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"Sweat" redirects here. For other uses, see Sweat (disambiguation).

The facial sweat of a runner
ICD-10 R61
ICD-9 780.8

Sweating (perspiration, or diaphoresis) is a process of excretion, the production of a fluid, sweat consisting primarily of water as well as various dissolved solids (chiefly chlorides), that is excreted by the sweat glands in the skin of mammals.[1] Sweat contains the chemicals or odorants 2-methylphenol (o-cresol) and 4-methylphenol (p-cresol), as well as a small amount of urea.

In humans, sweating is primarily a means of thermoregulation, although it has been proposed that components of male sweat can act as pheromonal cues.[2] Trace amount of toxins are excreted through perspiration.

Evaporation of sweat from the skin surface has a cooling effect due to the latent heat of evaporation of water. Hence, in hot weather, or when the individual's muscles heat up due to exertion, more sweat is produced. Sweating is increased by nervousness and nausea and decreased by cold. Animals with few sweat glands, such as dogs, accomplish similar temperature regulation results by panting, which evaporates water from the moist lining of the oral cavity and pharynx. Primates and horses have armpits that sweat like those of humans. Although sweating is found in a wide variety of mammals,[3][4] relatively few, such as humans and horses, produce large amounts of sweat in order to cool down.[5]

A study has discovered that men, on average, start perspiring much more quickly than women, then twice as much when they are in the middle of exercising at the same relative intensity.[6] When men and women exercise at the same absolute intensity there are no differences in sweating responses.


  • Hypohidrosis is decreased sweating from whatever cause[7]
  • Hyperhidrosis is increased sweating from whatever cause[7]
  • Hidromeiosis is a reduction in sweating that is due to blockages of sweat glands in humid conditions.[8]


File:Demonstration of Sweat.jpg

Sweating allows the body to regulate its temperature. Sweating is controlled from a center in the preoptic and anterior regions of the brain's hypothalamus, where thermosensitive neurons are located. The heat-regulatory function of the hypothalamus is also affected by inputs from temperature receptors in the skin. High skin temperature reduces the hypothalamic set point for sweating and increases the gain of the hypothalamic feedback system in response to variations in core temperature. Overall, however, the sweating response to a rise in hypothalamic ('core') temperature is much larger than the response to the same increase in average skin temperature. The process of sweating decreases core temperature, whereas the process of evaporation decreases surface temperature.

There are two situations in which the nerves will stimulate the sweat glands, causing perspiration: during physical heat and during emotional stress. In general, emotionally induced sweating is restricted to palms, soles, armpits, and sometimes the forehead, while physical heat-induced sweating occurs throughout the body.[9]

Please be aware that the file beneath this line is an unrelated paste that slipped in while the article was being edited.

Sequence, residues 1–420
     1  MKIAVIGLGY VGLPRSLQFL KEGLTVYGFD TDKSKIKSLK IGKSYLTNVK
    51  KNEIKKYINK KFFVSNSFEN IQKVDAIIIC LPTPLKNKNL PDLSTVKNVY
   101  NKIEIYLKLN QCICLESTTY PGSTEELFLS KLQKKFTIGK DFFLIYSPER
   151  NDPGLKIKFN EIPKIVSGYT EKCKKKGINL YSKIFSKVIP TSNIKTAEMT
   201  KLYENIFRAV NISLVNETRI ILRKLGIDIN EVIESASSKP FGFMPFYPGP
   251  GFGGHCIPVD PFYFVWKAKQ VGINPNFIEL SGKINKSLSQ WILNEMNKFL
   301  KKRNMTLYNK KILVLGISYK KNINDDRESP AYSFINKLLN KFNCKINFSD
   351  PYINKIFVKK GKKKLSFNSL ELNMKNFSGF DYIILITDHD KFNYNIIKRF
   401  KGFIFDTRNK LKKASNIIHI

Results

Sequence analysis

Sweat is not pure water; it always contains a small amount (0.2–1%) of solute. When a person moves from a cold climate to a hot climate, adaptive changes occur in the sweating mechanisms of the person. This process is referred to as acclimatisation: the maximum rate of sweating increases and its solute composition decreases. The volume of water lost in sweat daily is highly variable, ranging from 100 to 8,000 mL/day. The solute loss can be as much as 350 mmol/day (or 90 mmol/day acclimatised) of sodium under the most extreme conditions. In a cool climate and in the absence of exercise, sodium loss can be very low (less than 5 mmols/day). Sodium concentration in sweat is 30-65 mmol/l, depending on the degree of acclimatisation.

See also


  1. Mosher HH (1933). Simultaneous Study of Constituents of Urine and Perspiration. The Journal of Biological Chemistry 99 (3): 781–790.
  2. Wyart C, Webster WW, Chen JH, et al. (February 2007). Smelling a single component of male sweat alters levels of cortisol in women. The Journal of Neuroscience 27 (6): 1261–5.
  3. Goglia G (January 1953). [Further research on the branched sweat glands in some mammals (Cavia cobaya, Sus scrofa, Equus caballus).]. Bollettino Della Società Italiana Di Biologia Sperimentale 29 (1): 58–60.
  4. Robertshaw D, Taylor CR (November 1969). Sweat gland function of the donkey (Equus asinus). The Journal of Physiology 205 (1): 79–89.
  5. McDonald RE, Fleming RI, Beeley JG, et al. (2009). Latherin: a surfactant protein of horse sweat and saliva. PLoS ONE 4 (5): e5726.
  6. includeonly>"Women outshine men in sweat test", Sydney Morning Hearld, 9 October 2010. Retrieved on 21 October 2010.
  7. 7.0 7.1 [1]
  8. Parsons K (2009). Maintaining health, comfort and productivity in heat waves. Glob Health Action 2.
  9. (June 1998). Physical stimuli and emotional stress-induced sweat secretions in the human palm and forehead. Analytica Chimica Acta 365 (1-3): 319–326.

Further reading

  • Sato K, Kang WH, Saga K, Sato KT (April 1989). Biology of sweat glands and their disorders. I. Normal sweat gland function. Journal of the American Academy of Dermatology 20 (4): 537–63.
  • Ferner S, Koszmagk R, Lehmann A, Heilmann W (1990). [Reference values of Na(+) and Cl(-) concentrations in adult sweat]. Zeitschrift Für Erkrankungen Der Atmungsorgane 175 (2): 70–5.
  • Bindner. Solutions and treatments for extreme perspiration and sweating. Internet recource.
  • Nadel ER, Bullard RW, Stolwijk JA (July 1971). Importance of skin temperature in the regulation of sweating. Journal of Applied Physiology 31 (1): 80–7.
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